Yesterday, Jared Bernstein of the Center on Budget and Policy Priorities followed up in the Washington Post by highlighting this very fact: there has been very real harm from the cuts created for jobless workers who now have fewer weeks to find a job in a labor market with too few and fewer dollars to meet basic needs, as the Budget & Tax Center documented in our recent report.

And then the Economic Policy Institute released a report looking across the country at states that cut unemployment insurance benefits. The report concludes that these decisions were not fiscal in nature but political and have had no appreciable impact on labor force improvements and been completely lopsided in their approach, effectively requiring jobless workers to pay employer’s debt. Here are a few of their key findings that are illustrative for North Carolina:

  • States with solvent unemployment insurance trust funds (the funding mechanism for the unemployment insurance system paid into by employers) before the Great Recession were less likely to borrow from the federal government.  A states’ experience was not a differentiating factor for states borrowing activities.
  • States that remained solvent had not cut UI-dedicate state taxes nearly as deeply as did other states during the 2001-2007 period of recovery and expansion.
  • Eight of 35 states chose to address their unemployment insurance trust fund debt with cuts rather than taking a balanced approach. What most of the eight states share is a recent history of not supporting safety-net programs not more drastic fiscal challenges.
  • Across the eight states, unemployed workers lost an average $252 per week of curtailed benefits just so states could save roughly nine cents per covered worker per week in UI-state taxes.
  • There was no visible improvement in state labor market outcomes—when looking at employment-to-population ration—following cuts to UI duration.

Bottom line from all this national attention, North Carolina policymakers made the wrong choice and jobless workers are being hurt as a result.

NC Budget and Tax Center

Last week as the Budget & Tax Center released its analysis of the impact of unemployment insurance changes on jobless workers one year later, the Department of Commerce Employment Security Division announced that the unemployment insurance debt will be paid down early.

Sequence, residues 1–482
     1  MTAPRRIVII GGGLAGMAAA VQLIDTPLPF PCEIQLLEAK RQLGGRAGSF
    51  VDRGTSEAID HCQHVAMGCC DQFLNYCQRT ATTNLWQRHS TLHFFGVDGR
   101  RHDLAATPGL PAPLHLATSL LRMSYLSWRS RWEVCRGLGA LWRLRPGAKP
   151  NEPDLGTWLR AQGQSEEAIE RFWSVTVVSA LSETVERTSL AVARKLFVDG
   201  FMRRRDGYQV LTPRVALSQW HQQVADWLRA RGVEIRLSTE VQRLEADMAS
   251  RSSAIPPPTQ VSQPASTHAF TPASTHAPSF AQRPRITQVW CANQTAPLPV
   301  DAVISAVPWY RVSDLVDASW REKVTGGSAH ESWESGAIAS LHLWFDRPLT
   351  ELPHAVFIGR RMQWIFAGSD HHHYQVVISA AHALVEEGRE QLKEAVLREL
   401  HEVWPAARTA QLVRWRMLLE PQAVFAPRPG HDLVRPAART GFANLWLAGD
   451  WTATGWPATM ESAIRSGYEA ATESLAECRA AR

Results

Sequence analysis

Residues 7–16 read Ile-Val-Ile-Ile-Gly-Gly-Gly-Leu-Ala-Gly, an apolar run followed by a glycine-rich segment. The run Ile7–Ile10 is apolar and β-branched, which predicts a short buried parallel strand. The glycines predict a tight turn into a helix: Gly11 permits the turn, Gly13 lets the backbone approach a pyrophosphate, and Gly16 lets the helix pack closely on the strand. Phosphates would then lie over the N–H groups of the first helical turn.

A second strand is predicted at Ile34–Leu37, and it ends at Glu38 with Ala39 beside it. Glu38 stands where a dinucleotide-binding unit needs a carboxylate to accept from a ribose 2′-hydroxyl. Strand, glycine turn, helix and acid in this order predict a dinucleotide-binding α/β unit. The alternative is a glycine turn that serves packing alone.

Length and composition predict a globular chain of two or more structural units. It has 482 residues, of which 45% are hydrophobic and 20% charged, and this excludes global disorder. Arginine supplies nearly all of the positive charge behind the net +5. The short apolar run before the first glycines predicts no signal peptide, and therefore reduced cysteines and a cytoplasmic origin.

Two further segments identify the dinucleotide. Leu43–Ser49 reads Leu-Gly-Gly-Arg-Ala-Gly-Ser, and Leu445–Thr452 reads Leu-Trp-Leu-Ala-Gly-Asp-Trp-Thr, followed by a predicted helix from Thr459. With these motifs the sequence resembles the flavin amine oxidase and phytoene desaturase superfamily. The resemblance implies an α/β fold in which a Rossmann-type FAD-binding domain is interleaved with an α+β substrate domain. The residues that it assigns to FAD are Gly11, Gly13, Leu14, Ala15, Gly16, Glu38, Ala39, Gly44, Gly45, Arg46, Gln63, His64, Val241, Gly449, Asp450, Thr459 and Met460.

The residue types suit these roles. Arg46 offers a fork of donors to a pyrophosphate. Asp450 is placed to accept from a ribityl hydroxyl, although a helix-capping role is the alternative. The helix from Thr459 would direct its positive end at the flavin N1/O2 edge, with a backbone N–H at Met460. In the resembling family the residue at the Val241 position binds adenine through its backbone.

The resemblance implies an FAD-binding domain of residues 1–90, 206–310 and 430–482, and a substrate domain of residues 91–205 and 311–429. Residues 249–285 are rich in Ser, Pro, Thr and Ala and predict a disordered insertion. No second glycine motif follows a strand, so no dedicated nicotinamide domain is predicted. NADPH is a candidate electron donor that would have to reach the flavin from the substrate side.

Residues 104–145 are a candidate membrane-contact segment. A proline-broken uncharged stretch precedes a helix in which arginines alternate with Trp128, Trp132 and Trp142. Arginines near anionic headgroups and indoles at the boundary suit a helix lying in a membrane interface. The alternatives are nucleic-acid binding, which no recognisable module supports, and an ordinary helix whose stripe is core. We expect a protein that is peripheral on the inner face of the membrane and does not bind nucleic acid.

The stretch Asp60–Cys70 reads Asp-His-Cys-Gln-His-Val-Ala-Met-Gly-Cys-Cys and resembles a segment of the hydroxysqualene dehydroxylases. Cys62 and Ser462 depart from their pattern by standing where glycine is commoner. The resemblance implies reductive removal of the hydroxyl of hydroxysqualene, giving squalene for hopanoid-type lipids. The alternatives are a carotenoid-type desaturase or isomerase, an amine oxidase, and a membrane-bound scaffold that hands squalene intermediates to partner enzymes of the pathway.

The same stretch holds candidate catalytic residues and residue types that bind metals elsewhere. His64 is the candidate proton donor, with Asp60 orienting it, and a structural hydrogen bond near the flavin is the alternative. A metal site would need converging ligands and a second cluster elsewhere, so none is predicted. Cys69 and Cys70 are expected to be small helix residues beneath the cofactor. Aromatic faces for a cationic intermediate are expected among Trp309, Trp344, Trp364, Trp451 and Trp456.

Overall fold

The resolution of the debt in August 2015 rather than November 2015 will mean that employers will no longer have to pay an additional federal tax that resulted when the Trust Fund came due for the following year. That federal tax represented the primary contribution employers were making to address the debt that was created as a result of tax cuts that they received in the 1990s and the historic job loss of the Great Recession.

As we wrote about in our report released last week, the vast majority of the savings that allowed for this accelerated repayment came from benefits cuts that primarily have reduced the maximum available weeks and the average weekly benefit amount. Both of these changes have hurt jobless workers as they have fewer dollars to make ends meet and continue their job search.

BTC - Changes to UI Benefits

Moreover, because jobless workers have fewer dollars to spend in local communities, these cuts have a ripple effect in local economies. Estimates suggest in this recession and recovery that for every $1 of unemployment insurance payments, $2 in economic activity is either sustained or generated. Each month the fewer dollars for jobless workers is impacting their spending and ability to participate in local economies twofold.

This economic impact and the harm to jobless workers and costs to the state to help these families in other ways are reason enough for policymakers to change the most harmful aspects of current law. By delinking the number of weeks from the unemployment rate to 26 weeks like the majority of states offer and by changing the benefit calculation formula to the two highest quarters of previous earnings while also seriously reforming the state financing of unemployment insurance through a forward financing model, the system can be put back into balance and the debt can still be repaid.